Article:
ORLANDO, Fla. -- Luis Severino's year started without a guaranteed place in the Yankees' rotation, but thanks to an electric fastball, biting curveball and improving changeup, it concluded with the right-hander enjoying the finest season by a homegrown Yankees starter since Ron Guidry.That excellent campaign placed the 23-year-old among the
ORLANDO, Fla. -- Luis Severino's year started without a guaranteed place in the Yankees' rotation, but thanks to an electric fastball, biting curveball and improving changeup, it concluded with the right-hander enjoying the finest season by a homegrown Yankees starter since Ron Guidry.
That excellent campaign placed the 23-year-old among the finalists for the American League Cy Young Award, joining the Indians' Corey Kluber and Chris Sale of the Red Sox among the circuit's top arms. Even if Severino falls shy of the hardware, he has the Yankees excited about what is still to come. The Cy Young Awards in both leagues will be announced on Wednesday during an MLB Network special that starts at 6 p.m. ET.
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"He's been dominant. He's attacking hitters," Aaron Judge said. "He's always getting in the good counts. Every time I look up there, it's always 0-1, 0-2. He's never falling behind a lot of hitters. When you've got his repertoire and his stuff and you're getting ahead of guys like that, good things will happen."
Pitching in his first full Major League season, Severino went 14-6 with a 2.98 ERA in 31 starts, holding opponents to a .208 batting average and a miniscule .603 OPS. He ranked third in the AL in ERA and WHIP (1.04), fourth in strikeouts (230) and ninth in innings (193 1/3).
Severino's 10.71 K/9 rate was the highest in Yankees history, while his opponents' batting average was the lowest since Guidry held hitters to a .193 mark in his Cy Young Award-winning 1978 season. Severino's ERA was the lowest by a Yankee since David Cone (2.82) and Andy Pettitte (2.88) in 1997.
"I'm proud of the work that I did in the offseason, the work that I did with my pitching coach [Larry Rothschild] that helped me be what I am," Severino said. "And I'm proud of myself and the team that we have."
Maintaining his velocity deep into starts, it was not uncommon to see Severino pumping fastballs at 99-100 mph in the late innings. His 17 starts of one or no earned runs tied the Nationals' Max Scherzer for the Major League lead and were the most by a Yankee since Guidry had 21 such starts in 1978.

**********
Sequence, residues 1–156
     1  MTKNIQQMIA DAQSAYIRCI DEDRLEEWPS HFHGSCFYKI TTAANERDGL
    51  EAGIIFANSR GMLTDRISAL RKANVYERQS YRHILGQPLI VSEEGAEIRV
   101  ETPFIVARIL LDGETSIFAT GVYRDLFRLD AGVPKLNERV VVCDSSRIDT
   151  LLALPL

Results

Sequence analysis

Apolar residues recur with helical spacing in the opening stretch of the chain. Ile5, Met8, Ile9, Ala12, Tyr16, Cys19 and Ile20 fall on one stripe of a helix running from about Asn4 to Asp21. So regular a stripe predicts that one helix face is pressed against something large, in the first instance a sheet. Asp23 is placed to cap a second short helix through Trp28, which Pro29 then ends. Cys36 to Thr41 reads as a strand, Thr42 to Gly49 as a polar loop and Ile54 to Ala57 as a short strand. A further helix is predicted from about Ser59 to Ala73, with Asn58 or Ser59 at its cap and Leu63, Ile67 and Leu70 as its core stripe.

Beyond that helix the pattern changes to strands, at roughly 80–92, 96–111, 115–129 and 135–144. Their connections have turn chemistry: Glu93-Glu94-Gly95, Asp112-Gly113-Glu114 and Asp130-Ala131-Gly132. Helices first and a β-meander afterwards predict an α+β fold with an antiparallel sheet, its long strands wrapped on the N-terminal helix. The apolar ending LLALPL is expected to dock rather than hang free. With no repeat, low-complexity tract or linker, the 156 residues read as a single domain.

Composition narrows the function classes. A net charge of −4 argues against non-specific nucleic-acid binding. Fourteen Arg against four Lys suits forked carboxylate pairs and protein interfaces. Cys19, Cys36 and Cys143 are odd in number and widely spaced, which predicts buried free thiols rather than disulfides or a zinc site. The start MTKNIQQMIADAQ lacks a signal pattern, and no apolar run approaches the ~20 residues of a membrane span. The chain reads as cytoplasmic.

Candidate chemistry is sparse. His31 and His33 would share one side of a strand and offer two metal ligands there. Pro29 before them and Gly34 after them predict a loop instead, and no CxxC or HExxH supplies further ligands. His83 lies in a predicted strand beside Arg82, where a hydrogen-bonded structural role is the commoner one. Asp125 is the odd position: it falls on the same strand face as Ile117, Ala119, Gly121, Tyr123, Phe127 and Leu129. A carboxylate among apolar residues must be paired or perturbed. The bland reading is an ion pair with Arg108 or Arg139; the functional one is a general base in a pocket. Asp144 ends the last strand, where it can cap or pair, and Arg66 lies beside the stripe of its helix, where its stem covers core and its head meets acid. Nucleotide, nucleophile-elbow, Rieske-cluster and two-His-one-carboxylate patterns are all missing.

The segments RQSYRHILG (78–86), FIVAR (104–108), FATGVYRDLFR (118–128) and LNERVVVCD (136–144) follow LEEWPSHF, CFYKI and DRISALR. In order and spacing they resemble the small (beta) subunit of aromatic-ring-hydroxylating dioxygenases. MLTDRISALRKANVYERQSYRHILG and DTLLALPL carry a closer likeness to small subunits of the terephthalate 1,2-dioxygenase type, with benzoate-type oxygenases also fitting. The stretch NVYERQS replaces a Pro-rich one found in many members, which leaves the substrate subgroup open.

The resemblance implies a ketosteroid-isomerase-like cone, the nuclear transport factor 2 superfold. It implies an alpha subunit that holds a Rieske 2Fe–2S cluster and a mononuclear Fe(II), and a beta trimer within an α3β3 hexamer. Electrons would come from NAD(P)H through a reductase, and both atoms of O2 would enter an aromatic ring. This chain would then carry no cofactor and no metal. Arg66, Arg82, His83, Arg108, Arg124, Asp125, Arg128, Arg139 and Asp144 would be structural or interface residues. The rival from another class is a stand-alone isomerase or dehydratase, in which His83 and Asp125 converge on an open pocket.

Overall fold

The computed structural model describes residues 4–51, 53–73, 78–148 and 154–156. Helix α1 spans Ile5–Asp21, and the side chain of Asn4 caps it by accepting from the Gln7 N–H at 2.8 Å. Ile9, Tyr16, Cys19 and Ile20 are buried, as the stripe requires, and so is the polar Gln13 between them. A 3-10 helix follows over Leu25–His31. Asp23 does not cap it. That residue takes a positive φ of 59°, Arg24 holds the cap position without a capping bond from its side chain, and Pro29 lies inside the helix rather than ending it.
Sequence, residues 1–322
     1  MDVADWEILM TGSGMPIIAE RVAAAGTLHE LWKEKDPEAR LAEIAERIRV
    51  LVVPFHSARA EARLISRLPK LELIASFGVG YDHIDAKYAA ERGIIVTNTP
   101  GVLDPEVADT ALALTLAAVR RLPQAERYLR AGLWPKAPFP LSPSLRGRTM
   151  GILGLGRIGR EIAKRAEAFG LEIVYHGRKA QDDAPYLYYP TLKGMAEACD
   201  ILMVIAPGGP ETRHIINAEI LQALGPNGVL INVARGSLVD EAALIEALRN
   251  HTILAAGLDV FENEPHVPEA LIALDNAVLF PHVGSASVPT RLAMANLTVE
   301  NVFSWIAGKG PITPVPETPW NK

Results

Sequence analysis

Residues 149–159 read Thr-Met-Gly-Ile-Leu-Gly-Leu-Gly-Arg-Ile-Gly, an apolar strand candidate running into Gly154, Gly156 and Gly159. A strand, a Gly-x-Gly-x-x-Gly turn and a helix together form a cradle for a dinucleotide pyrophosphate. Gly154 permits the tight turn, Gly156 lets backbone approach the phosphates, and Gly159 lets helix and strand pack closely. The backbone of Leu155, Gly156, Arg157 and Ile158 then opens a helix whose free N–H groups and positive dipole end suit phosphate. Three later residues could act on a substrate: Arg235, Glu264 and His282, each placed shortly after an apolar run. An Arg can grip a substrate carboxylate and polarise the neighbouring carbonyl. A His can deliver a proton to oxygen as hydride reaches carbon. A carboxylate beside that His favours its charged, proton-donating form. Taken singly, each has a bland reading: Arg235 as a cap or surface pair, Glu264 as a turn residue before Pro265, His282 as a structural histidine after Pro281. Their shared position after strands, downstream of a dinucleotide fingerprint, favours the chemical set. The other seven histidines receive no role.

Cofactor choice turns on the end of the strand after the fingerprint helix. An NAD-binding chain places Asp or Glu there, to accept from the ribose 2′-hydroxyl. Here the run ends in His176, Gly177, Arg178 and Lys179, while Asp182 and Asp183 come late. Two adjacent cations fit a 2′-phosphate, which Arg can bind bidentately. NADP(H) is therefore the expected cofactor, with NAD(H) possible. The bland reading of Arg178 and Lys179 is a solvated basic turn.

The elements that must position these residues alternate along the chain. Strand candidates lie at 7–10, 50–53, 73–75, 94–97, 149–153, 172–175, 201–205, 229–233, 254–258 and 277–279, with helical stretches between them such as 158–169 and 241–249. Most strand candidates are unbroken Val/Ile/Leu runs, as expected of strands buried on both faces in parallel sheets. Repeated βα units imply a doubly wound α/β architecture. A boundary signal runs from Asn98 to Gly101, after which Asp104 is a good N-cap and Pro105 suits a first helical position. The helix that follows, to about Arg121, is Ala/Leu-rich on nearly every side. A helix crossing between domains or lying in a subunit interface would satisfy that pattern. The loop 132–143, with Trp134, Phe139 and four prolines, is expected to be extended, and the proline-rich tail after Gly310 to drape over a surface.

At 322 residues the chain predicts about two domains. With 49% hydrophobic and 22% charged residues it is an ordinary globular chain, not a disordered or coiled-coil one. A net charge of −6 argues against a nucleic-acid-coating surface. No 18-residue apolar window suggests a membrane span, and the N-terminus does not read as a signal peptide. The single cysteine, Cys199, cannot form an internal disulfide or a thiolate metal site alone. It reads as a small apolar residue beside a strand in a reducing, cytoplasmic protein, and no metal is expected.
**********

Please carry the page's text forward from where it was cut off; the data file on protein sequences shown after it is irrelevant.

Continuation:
"I want to get out there and go as long as I possibly can in the game, and then the relievers can do their job," Severino said.
A first-time All-Star, Severino owes some of his success to his offseason sessions with Hall of Famer Pedro Martinez. Having vowed to return to the starting rotation after his 2016 performance bounced him from the rotation to the Minors and the bullpen, Severino called upon the three-time Cy Young Award winner for a series of instructive sessions in the Dominican Republic.
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"He told me that if I change my mechanics a little bit, I'll be more consistent in the strike zone," Severino said. "That's what I did."
Though Severino stumbled in his postseason debut, recording just one out in the AL Wild Card Game against the Twins, he recovered to strike out nine over seven innings while notching the win in Game 4 of the AL Division Series against the Indians.
"He's been pretty darn good this year, one of the top two or three right-handed starters in the game," Yankees outfielder Brett Gardner said. "He's a guy we love being behind."
Severino was removed after four innings in Game 2 of the AL Championship Series against the Astros due to an injury concern, then permitted three runs in 4 2/3 innings while taking the loss in ALCS Game 6.
"Every time they give me the ball, I just go over there and have fun," Severino said. "It's been a great season."
Bryan Hoch has covered the Yankees for MLB.com since 2007. Follow him on Twitter @bryanhoch and on Facebook.